The Saudi-led coalition in Yemen said it destroyed two explosives-laden boats and shot down three drones launched by Houthi rebels on Sunday.
The booby-trapped vessels were intercepted moments before impact, said Brig Gen Turki Al Malki, spokesman for the coalition.
Coalition forces also shot down three drones, one targeting Saudi Arabia's south-western region of Khamis Mushait and two others also aimed at the south of the country, Brig Gen Turki Al Malki said.
It was not immediately clear where the boats were intercepted, nor their intended target.
Efforts are under way to protect civilians in the kingdom against further attacks, said the coalition spokesman.
Saudi Arabia has been building what analysts call "layered air defences" to deal with the threat of Houthi drones, which attack at low altitude, and ballistic missiles, which attack from high altitudes.
The UAE condemned the attempted attacks, saying these aimed to target civilians in a "systematic and deliberate" manner.
"These systematic terrorist attacks by the Houthi group reflect its blatant disregard for the international community and all international laws and norms," the UAE Ministry of Foreign Affairs and International Cooperation said.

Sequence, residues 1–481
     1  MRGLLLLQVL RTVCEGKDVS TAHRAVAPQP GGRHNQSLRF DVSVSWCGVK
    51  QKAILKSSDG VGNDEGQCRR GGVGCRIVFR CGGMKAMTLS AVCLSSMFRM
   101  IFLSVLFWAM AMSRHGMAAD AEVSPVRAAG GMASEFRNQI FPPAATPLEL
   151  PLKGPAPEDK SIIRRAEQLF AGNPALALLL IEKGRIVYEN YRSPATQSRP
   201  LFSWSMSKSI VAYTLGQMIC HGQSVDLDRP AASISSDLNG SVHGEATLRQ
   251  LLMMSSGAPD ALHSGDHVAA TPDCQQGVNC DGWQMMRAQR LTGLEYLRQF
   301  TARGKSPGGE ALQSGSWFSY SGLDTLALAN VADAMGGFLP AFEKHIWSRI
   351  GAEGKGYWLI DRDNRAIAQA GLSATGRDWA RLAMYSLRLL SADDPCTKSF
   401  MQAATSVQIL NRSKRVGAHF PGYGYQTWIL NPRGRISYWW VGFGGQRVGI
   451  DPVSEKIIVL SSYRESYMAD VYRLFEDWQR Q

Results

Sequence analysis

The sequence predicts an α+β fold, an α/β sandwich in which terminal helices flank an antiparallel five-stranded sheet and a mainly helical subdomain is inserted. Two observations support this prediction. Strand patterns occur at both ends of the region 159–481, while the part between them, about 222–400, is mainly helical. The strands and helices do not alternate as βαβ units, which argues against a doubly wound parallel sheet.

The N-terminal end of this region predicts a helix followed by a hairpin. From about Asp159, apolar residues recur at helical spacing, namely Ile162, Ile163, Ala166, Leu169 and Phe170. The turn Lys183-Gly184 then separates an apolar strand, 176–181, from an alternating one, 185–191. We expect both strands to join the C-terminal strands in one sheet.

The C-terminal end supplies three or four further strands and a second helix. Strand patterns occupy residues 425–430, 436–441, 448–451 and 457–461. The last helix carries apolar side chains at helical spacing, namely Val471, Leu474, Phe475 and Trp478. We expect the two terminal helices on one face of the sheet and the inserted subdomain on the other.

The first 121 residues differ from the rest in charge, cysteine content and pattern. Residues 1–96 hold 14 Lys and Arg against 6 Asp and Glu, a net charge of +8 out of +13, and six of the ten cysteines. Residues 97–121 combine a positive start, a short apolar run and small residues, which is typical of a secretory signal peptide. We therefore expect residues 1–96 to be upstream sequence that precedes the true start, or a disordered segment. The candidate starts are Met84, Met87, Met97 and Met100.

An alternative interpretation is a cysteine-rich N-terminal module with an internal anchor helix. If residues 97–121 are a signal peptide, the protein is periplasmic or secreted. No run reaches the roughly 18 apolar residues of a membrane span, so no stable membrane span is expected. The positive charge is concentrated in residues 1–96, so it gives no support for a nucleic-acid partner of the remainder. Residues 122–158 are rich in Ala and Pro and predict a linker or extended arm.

The UAE called on the international community to take "immediate" and "decisive" actions to stop further aggression.
"The continued threat of these attacks in recent days is a grave escalation that represents new evidence of these militias' attempts to undermine security and stability in the region."
Last week, Saudi Arabia presented a plan for peace to end the conflict in Yemen.
The kingdom intervened in Yemen a year after the Iran-backed Houthis took over the capital, Sanaa in 2014.
Houthi spokesperson Mohammed Ali Al Houthi said he would accept an "honourable" peace with Saudi Arabia with the caveat of ending the so-called "blockade" and coalition military operations in Yemen.
"We are not involved in any plan until we receive it officially," he wrote on Twitter on Thursday.
Houthi attacks on Saudi Arabia have intensified in recent weeks.
Saudi Arabia's peace initiative includes re-opening Sanaa International Airport to specific destinations and resuming talks between the warring sides, in addition to allowing fuel to enter through the port of Hodeidah – the entry point for most of the country's aid and food supplies.
The UN has described Yemen as the world's worst humanitarian crisis. Over 80 per cent of its population depends on international assistance.